To many it seems worth it; they can compartmentalise both the pleasure and the stress that the job brings. They can use yachting to give them a leg up in the next chapter of their lives and a decent amount of paid travel experiences, and to leave the industry with a mortgaged free home they could not have afforded without yachting. Some rise as alphas and enjoy the trappings money and titles bring. However, many join the industry unaware of the challenges they may face and unprepared for how to deal with them – like the uncomfortable, inappropriate sexual innuendos made in the crew mess or the mental stress caused by the incessant standards and demands of the oligarchs who own the vessels.

Talking about mental health in the superyacht industry is critical because we are not currently doing it. When SEAS THE MIND started 18 months ago, it felt like nobody in yachting was talking about it and that needed to change. There is an important relationship between physical, mental and social health and we, in our multi-billion-pound industry, have done nothing to fortify the growing and universal understanding that there is no health without mental health. Mental health training, for example, equips you with an understanding of mental health issues, the signs and symptoms associated with them and how to signpost yourself or others towards help, and is both crucial and something I believe should be mandatory in the industry.

It is also important to recognise what factors on board impact crew wellbeing and how they can be harnessed to make a positive difference. For example, in my own experience as a chef, I’ve seen the importance of food for health and wellbeing both for nurturing overall health, but also the act of bringing people together around a table. A well-balanced, good-looking and nutritious meal does more than provide fuel; it keeps people at the table, talking, connecting, sharing. Often, we are on our feet 16 hours a day, minimum, and the only time you have to sit down is at mealtimes. This is a rare occasion during the day when the crew can feel looked after and nurtured. When done well, it can top up the depleted happy tanks that have been drained through continual service to others.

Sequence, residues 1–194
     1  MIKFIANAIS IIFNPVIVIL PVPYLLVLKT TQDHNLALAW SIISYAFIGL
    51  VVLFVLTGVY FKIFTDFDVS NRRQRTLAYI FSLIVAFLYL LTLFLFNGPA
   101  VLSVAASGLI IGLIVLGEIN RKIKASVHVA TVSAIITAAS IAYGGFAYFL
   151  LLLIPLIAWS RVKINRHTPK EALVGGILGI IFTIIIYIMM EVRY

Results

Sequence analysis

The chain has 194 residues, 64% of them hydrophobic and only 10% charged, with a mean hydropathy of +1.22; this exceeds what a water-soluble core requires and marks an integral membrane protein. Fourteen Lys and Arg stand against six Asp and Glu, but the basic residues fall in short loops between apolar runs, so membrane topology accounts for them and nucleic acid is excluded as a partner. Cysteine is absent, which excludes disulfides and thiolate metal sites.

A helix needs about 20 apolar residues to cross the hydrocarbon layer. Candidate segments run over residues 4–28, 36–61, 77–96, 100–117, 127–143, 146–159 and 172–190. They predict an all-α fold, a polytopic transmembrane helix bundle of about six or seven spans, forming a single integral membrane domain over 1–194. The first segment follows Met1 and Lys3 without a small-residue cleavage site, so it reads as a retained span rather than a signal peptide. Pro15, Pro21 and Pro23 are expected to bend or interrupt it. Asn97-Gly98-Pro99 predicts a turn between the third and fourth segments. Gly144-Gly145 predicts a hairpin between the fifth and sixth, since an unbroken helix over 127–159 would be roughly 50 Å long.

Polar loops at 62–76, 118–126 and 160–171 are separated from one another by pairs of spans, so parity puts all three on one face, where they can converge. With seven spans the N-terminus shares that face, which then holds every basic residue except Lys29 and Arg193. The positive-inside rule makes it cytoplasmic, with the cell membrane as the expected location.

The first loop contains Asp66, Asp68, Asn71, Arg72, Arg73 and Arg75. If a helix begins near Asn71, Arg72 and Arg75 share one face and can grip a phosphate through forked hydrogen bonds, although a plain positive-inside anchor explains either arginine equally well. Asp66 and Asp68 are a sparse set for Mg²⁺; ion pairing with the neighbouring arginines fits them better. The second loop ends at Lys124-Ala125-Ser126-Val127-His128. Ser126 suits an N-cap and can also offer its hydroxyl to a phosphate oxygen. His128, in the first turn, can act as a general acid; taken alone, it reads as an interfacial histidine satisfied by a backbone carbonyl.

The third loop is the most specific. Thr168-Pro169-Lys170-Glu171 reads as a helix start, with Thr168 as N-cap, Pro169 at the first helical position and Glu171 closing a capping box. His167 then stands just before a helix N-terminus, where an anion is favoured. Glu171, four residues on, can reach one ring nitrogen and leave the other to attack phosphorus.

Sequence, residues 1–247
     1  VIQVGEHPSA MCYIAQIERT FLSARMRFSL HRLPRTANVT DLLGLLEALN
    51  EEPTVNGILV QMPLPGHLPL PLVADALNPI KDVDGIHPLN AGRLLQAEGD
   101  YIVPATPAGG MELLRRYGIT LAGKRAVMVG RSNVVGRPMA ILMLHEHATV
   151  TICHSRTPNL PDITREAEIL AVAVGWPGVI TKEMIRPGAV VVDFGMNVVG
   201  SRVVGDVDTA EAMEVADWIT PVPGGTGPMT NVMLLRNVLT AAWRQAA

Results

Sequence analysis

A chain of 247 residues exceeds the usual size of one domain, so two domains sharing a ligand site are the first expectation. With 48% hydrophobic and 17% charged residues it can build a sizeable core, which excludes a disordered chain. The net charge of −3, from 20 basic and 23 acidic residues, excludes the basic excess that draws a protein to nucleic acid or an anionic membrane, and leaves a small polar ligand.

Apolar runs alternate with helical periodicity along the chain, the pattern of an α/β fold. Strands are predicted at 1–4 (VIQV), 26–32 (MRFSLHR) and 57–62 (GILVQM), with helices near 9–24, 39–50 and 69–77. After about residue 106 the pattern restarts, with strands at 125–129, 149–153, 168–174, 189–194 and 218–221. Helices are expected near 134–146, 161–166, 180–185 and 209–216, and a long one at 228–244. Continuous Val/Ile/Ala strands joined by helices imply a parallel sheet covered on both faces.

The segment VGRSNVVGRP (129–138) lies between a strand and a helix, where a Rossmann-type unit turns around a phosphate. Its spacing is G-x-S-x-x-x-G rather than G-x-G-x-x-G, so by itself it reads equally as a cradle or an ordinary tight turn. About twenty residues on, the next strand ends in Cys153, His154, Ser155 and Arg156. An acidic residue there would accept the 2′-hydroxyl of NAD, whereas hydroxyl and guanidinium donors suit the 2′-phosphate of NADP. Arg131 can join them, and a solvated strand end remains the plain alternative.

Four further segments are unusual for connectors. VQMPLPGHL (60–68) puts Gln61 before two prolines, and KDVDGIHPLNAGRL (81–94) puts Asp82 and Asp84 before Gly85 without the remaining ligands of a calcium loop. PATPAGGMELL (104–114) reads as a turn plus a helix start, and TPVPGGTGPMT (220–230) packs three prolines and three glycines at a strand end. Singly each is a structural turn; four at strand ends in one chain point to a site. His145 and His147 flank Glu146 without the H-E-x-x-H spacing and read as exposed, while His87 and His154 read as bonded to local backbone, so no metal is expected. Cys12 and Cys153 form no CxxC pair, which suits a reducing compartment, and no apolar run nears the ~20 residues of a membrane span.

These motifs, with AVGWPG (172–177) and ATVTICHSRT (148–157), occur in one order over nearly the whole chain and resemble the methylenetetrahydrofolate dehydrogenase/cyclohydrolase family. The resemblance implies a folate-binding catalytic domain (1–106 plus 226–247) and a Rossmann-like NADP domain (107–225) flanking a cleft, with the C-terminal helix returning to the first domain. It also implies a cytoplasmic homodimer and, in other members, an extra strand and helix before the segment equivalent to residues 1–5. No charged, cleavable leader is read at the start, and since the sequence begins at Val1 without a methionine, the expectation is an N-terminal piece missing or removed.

We have heard the mantra ‘you are what you eat’ and I know this to be true. Crew need long, sustained energy to work on yachts. They need hydrating salads and lunches when it’s mid Mediterranean summer and they are out in the sun all day. They need warm comforting soups and stews when we head back from the Caribbean in April and the weather cools down as we inch slowly east. I try to read the room and give them the food they will need to do the job, but also make them happy. I find it is also a great opportunity for me to find out pre-season – what is everyone’s favourite childhood food? The best three-course meal they’ve ever had? Or the naughtiest and yummiest dessert? I make sure to get that in during a charter and let them know that today it’s THEIR favourite meal. The crew member in question is thrilled and so too are the crew for them, and for themselves when inevitably it is their turn to have their best Spag Bol (it’s usually the way their Mom made it).

Small deposits of care into others’ mental health and wellbeing is not only beneficial to the crew member and the team dynamic; it’s also a great serotonin boost for me when I get positive feedback. Positive connections with others are great for our mental wellbeing, and a combination of peer-to-peer support and mandatory mental health training will help to create a better environment on board. As I’ve seen over many years of working in this industry, ‘A rising tide lifts all boats’.

Find out more about SEAS THE MIND and their work at